Praise for Declan Burke: “Burke shows again that he’s not just a comic genius, but also a fine dramatic writer and storyteller.” – Booklist. “Proust meets Chandler over a pint of Guinness.” – Spectator. “Among the most memorable books of the year, of any genre.” – Sunday Times. “A hardboiled delight.” – Guardian. “Imagine Donald Westlake and Richard Stark collaborating on a screwball noir.” – Kirkus Reviews. “A cross between Raymond Chandler and Flann O’Brien.” – John Banville.

Friday, May 22, 2009

Suffer, Little Children

Those of you who have read Ken Bruen’s THE MAGDALEN MARTYRS and perhaps thought that Ken was, as writers tend to do, exaggerating the horrors of the ‘Magdalene laundries’ for dramatic purposes, might be interested in the findings of the report of the Commission to Inquire into Child Abuse, published earlier this week. The report details systematic abuses – including physical and psychological brutality, gang-rape and torture – on an industrial scale, all of which were perpetrated by members of the Catholic Church’s various bodies. Yesterday’s Irish Times editorial, under the heading ‘The savage reality of our darkest days’, had this to say:
The key to understanding these attitudes is surely to realise that abuse was not a failure of the system. It was the system. Terror was both the point of these institutions and their standard operating procedure. Their function in Irish society was to impose social control, particularly on the poor, by acting as a threat. Without the horror of an institution like Letterfrack, it could not fulfil that function. Within the institutions, terror was systematic and deliberate. It was a methodology handed down through “successive generations of [Christian] Brothers, priests and nuns”.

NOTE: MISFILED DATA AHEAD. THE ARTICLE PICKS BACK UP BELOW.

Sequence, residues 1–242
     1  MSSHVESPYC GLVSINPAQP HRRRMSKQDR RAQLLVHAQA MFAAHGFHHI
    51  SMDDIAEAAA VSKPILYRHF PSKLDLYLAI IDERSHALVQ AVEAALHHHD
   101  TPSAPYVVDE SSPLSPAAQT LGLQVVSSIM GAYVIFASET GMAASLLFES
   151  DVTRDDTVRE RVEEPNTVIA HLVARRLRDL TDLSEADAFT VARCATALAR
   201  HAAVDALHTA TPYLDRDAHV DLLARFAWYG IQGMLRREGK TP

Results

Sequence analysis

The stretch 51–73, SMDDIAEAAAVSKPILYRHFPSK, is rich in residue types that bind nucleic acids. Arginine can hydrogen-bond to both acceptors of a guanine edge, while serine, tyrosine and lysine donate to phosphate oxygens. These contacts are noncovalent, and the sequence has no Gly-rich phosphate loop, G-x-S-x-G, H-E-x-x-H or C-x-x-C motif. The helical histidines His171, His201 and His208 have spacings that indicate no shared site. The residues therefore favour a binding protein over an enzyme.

There is a nightmarish quality to this systemic malice, reminiscent of authoritarian regimes. We read of children “flogged, kicked . . . scalded, burned and held under water”. We read of deliberate psychological torment inflicted through humiliation, expressions of contempt and the practice of incorrectly telling children that their parents were dead …
  For the full editorial, click here
  Those inclined to defend, rebut, apologise for or otherwise try to contextualise the horror by way of the ‘one bad apple in a barrel’ argument should realise that some apples are bad going into the barrel, some apples are made bad by the barrel, and some barrels are better than others at creating bad apples.
  Last week I mentioned that the Minister for Justice, Mr Brian Lenihan, is pressing ahead with his plans to put the crime of blasphemy on the statute books in Ireland. Given the findings of the report of the Commission to Inquire into Child Abuse, he might make better use of his time by banning religions, and particularly those who make a virtue of deviant sexual practices, such as celibacy.


Ego said...

Hear hear. The tragedy of this report is that it's too late. Most of the victims lived and died before the nineties - before there was any interest or sympathy for them in Irish society.

They died still hearing the 'religious' who'd brutalised them being cravenly praised by the state institutions that should have protected them.

There was no rescue for these savagely abused children. The nation is in tears, but it's too late.

Donna said...

Dec - your posts always make me think, often they make me laugh; today you made me cry. My heart aches for those children, and the lives that were scarred.

Joe Barone said...

My comment to my wife when I read these reports was, "I wonder how many other countries have this kind of abuse by the Roman Catholic Church or other religious institutions." I fear the hiding of priest pedophiles in the United States and abuses such as these in Ireland are a beginning of the revelations, not the end.

msteed said...